The researchers had expected to find that the typical profile of an ‘abuser’ would be a white middle aged man however the results showed a much more diverse population. Most surprisingly Demos found that of the 90% of accounts that could be identified by gender the majority of abusers (63%) were actually women.
Based on the narrow criteria investigated Demos found that ‘misogynistic abusers’ were most likely to be young women who follow Beyoncé, One Direction and Justin Bieber and that the most high profile victim of misogynistic abuse was American Rapper Azeelia Banks, who is currently suspended from twitter for making frequent homophobic and racist comments.
Despite these extraordinary findings high profile supporters were quick to dismiss the findings for various reasons including research methodology, sock puppetry and the inevitability that women would be victims of internalized misogyny in a patriarchal world. In a moment reminiscent Jess Phillips MP even evoked the excuse offered by disgraced UKIP MEP Godfrey Bloom when she told Women’s Hour listeners that in her household a ‘slut’ was ‘someone who doesn’t wash behind their fridge.’
Critics also point out that supporters of the campaign appear to only be interested in pushing a specific narrative and that they are more interested in demonizing and silencing voices critical of modern networked feminist extremes as they are about empowering women and girls.
A good example of this can be seen in an interview with Yvette Cooper by the Guardian’s Political Editor in the run up to the campaign launch.
In the interview the discussed the experience of fashion journalist Polly Vernon who was left feeling ‘dehumanised, depressed, anxious and body dysmorphic” after people were “swept up in the sport of being cruel on Twitter”. What they failed to mention is Vernon claims that ‘all of the online aggression came from women, all of whom identified as feminists’ or indeed that the incident was largely triggered by the critical mauling her book ‘Hot Feminist’ received from the Guardian.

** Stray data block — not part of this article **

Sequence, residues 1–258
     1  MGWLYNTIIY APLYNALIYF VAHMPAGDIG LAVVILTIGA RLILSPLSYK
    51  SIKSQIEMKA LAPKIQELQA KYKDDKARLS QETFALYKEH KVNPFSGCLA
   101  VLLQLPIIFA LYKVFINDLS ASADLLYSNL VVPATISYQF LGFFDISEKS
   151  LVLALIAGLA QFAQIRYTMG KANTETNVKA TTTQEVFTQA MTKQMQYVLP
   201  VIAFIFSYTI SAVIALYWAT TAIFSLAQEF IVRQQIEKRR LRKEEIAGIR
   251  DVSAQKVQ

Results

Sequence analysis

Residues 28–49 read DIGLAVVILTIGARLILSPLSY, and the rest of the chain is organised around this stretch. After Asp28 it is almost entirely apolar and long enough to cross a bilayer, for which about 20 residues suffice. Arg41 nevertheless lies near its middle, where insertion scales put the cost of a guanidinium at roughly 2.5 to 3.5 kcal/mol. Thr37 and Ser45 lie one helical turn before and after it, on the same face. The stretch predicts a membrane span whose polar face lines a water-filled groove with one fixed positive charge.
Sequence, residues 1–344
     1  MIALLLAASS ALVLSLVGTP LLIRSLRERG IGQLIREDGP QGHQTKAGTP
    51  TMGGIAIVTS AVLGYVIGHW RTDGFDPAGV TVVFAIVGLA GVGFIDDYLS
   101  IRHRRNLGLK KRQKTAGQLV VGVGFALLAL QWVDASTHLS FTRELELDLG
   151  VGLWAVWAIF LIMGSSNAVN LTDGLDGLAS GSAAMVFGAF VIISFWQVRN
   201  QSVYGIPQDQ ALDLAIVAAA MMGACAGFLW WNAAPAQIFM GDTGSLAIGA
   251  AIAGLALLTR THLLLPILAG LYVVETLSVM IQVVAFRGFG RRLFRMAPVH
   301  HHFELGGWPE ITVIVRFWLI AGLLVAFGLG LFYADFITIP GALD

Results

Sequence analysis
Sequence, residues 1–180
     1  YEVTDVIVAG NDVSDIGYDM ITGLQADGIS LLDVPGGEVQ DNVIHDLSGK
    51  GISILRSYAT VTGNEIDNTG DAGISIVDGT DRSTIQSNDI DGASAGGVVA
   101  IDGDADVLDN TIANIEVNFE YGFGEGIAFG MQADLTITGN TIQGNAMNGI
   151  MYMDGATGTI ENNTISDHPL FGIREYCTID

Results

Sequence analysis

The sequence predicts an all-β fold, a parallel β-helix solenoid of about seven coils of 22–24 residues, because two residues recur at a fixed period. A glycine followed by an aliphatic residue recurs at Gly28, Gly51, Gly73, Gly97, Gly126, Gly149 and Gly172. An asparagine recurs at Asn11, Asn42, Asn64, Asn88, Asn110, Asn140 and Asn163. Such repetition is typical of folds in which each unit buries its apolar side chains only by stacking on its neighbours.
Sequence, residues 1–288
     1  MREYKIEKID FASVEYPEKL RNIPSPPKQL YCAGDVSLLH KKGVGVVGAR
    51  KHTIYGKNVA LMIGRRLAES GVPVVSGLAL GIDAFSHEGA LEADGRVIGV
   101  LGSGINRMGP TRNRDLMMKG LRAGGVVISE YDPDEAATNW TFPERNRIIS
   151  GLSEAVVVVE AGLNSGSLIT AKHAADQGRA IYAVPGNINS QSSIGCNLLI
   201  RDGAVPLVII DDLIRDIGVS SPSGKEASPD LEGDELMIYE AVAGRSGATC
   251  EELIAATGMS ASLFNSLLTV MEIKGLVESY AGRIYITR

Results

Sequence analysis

Critics also point to the fact that some of the most vocal ‘victims’ of abuse can often behave in an extremely aggressive and provocative manner themselves. Indeed Cooper’s motivations have also been called into question given some of the examples of ‘online misogynistic abuse’ she has chosen to highlight in the campaign to date.
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This behavior continued in the week following the launch when Cooper helped to promote Labour colleague Jess Phillips’ extremely questionable claims about receiving ‘thousands of rape threats on twitter’ while completely ignoring reports that police were actively investigating vicious racist online abuse directed at a 15 London year old school girl.
To date the campaign has struggled to recruit an especially broad coalition of public support. Despite two significant bursts of media promotion the campaign twitter feed has just over 1,000 followers and only about 100 people have signed up to participate in the crowd sourcing initiative.
Many of the participants have actually been quite critical of the campaign to date echoing public concerns like about political bias, fignoring abusive behaviour by feminists, gendered language and the often voiced concern that the people behind the campaign don’t want to reclaim the internet, they just want to claim it.
The campaign organisers have yet to acknowledge widespread concerns that one of their Members of Parliament has grossly exaggerated claims about receiving rape threats. However on the day that the Sun was reporting that MP Jess Phillips had received over 5,000 rape threats from twitter users, moderators of the Reclaim the Internet discussion boards closed down a discussion thread asking participants if exaggerated claims about online internet abuse ultimately harm genuine victims and scare people off social media?